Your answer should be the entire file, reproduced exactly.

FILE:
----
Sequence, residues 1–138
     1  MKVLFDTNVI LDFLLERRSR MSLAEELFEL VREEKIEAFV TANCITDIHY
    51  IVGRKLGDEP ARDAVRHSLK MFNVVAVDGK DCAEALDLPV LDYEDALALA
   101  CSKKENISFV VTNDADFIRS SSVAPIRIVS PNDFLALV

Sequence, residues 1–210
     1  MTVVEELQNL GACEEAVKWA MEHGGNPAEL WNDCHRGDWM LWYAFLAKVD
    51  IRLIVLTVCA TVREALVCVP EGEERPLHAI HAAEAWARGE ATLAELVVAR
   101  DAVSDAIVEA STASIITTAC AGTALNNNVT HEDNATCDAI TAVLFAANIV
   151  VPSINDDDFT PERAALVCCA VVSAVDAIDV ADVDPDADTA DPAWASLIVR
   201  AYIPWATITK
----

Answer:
Sequence, residues 1–138
     1  MKVLFDTNVI LDFLLERRSR MSLAEELFEL VREEKIEAFV TANCITDIHY
    51  IVGRKLGDEP ARDAVRHSLK MFNVVAVDGK DCAEALDLPV LDYEDALALA
   101  CSKKENISFV VTNDADFIRS SSVAPIRIVS PNDFLALV

Sequence, residues 1–210
     1  MTVVEELQNL GACEEAVKWA MEHGGNPAEL WNDCHRGDWM LWYAFLAKVD
    51  IRLIVLTVCA TVREALVCVP EGEERPLHAI HAAEAWARGE ATLAELVVAR
   101  DAVSDAIVEA STASIITTAC AGTALNNNVT HEDNATCDAI TAVLFAANIV
   151  VPSINDDDFT PERAALVCCA VVSAVDAIDV ADVDPDADTA DPAWASLIVR
   201  AYIPWATITK